Venice is of all the cities in the world the one which those who have never seen it know best. The peculiarities of it are so marked and so unlike anything else in the world, and the graphic representations of every part of the city are so numerous and so admirably accurate, that every traveler finds it to be exactly what he was prepared to see, and can hardly fancy that he sees the Queen of the Adriatic for the first time. I may therefore assume, perhaps, that my readers are acquainted with the appearance of that most matchless of city spaces, the Piazza di San Marco. They will readily call to mind the long series of arcades that form the two long sides of the parallellogram which has the gorgeous front of St. Mark's church occupying the entirety of one of the shorter sides. Well, about halfway up the length of the piazza six of the arches on the right hand of one facing St. Mark's church are occupied by the celebrated caffè. The six never-closed rooms, corresponding each with one of the arches of the arcade, are very small, and would not suffice to accommodate a twentieth part of the throng which finds itself at Florian's quite as a matter of course every fine summer's night. But nobody thinks of entering these smartly-furnished little cabinets save for breakfast or during the hours of the day. Some take their evening ice or coffee on the seats under the arcade, either immediately in front of the cabinets or around the pillars which support the arches, and thus have an opportunity of observing the never-ceasing and ever-varying stream of life that flows by them under the arcade. But the vast majority of the crowd place themselves on chairs arranged around little tables set out on the flags of the piazza. A hundred or so of these little tables are placed in long rows extending far out into the piazza, and far on either side beyond the extent of the six arches which are occupied by the caffè itself. A London or New York policeman would have his very soul revolted, and conclude that there must be something very rotten indeed in the state of a city in which the public way could be thus encumbered and no cry of "move on" ever heard. Assuredly, it is public ground which Florian, in the person of his nineteenth-century representative, thus occupies with his tables and chairs. Probably, if a Venetian were asked by what right he does so, the question would seem to him much as if one asked by what right the tide covers the shallows of the lagoon. It always has been so. It is in the natural order of things. And how could Venice live without Florian's?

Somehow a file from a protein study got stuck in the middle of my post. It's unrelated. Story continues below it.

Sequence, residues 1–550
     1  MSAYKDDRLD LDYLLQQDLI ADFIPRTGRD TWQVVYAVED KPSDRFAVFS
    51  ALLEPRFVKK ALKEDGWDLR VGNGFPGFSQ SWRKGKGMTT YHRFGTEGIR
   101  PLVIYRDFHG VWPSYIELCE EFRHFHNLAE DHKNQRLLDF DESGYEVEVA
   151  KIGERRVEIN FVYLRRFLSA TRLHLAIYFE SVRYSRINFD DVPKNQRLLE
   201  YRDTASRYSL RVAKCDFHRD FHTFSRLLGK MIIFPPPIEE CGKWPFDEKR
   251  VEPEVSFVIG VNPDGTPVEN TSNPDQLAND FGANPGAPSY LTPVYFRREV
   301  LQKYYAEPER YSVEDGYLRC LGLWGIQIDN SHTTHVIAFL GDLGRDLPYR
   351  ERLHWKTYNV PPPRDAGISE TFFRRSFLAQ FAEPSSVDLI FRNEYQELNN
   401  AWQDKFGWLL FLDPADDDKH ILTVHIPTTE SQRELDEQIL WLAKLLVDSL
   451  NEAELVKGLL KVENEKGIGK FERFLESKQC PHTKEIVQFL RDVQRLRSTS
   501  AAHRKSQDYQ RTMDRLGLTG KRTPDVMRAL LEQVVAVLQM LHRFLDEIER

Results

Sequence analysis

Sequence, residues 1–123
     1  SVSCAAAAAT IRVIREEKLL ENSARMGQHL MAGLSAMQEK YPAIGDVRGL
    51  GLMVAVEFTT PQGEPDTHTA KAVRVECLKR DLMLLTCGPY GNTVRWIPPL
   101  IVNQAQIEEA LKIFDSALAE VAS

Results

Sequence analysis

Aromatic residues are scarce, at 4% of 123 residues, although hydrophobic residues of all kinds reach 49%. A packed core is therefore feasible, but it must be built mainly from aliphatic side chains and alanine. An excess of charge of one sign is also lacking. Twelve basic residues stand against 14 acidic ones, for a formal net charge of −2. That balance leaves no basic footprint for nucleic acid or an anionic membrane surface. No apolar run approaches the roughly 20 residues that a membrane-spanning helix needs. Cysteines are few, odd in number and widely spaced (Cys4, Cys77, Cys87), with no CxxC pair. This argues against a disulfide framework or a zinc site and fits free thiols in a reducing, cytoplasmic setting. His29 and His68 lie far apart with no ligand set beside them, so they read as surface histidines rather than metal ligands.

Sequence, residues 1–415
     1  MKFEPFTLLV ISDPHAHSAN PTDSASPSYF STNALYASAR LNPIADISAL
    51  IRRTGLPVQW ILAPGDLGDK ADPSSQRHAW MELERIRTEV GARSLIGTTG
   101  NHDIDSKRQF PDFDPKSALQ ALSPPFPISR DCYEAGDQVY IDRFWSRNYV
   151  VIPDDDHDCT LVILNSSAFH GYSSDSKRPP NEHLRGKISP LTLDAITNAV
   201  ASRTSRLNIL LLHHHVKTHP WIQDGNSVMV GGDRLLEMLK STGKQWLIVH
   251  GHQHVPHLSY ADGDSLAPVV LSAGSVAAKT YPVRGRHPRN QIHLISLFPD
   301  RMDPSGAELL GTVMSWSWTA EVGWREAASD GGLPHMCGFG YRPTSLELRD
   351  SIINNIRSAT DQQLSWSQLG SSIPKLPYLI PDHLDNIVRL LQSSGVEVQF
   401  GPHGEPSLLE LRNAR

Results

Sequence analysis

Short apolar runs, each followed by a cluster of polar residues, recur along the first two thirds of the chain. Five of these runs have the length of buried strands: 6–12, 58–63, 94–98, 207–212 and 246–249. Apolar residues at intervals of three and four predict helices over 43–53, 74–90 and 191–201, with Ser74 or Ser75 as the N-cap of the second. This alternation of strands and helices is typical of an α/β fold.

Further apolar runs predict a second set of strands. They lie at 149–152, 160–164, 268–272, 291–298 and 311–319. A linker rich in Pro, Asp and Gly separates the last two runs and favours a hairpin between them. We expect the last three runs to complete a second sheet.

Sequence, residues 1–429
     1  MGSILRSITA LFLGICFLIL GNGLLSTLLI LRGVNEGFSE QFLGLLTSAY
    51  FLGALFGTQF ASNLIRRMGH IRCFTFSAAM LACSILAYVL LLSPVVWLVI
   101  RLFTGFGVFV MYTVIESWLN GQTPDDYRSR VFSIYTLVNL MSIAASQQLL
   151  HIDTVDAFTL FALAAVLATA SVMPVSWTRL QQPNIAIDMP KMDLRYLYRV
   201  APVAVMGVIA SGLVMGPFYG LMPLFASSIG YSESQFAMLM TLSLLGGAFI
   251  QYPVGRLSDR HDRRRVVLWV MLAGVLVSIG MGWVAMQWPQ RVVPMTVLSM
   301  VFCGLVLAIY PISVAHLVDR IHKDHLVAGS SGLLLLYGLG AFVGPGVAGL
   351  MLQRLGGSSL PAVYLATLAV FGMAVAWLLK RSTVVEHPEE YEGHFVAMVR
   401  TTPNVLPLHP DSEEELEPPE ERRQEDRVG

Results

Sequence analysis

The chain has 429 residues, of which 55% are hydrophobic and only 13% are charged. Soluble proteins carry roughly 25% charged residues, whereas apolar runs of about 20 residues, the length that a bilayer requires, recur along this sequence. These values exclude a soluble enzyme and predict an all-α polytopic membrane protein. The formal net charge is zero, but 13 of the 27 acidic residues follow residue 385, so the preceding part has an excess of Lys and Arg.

But it is not Florian's alone which is thus a trespasser on the domain of the public. The other less celebrated caffès do the same thing. One immediately opposite to Florian's, on the other side of the piazza—Quadri's—has almost as large a spread of chairs and tables as Florian himself. But it is a curious instance of the permanence of habits at Venice, that though at Quadri's the articles supplied are quite as good, and the prices exactly the same, the fashionable world never deserts Florian's. The only difference between the two establishments, except this one of their customers, that is perceptible to the naked eye, is that at Quadri's beer is served, while Florian ignores the existence of that plebeian beverage, which assuredly was never heard of in Venice in the days when he began his career and formed his habitudes.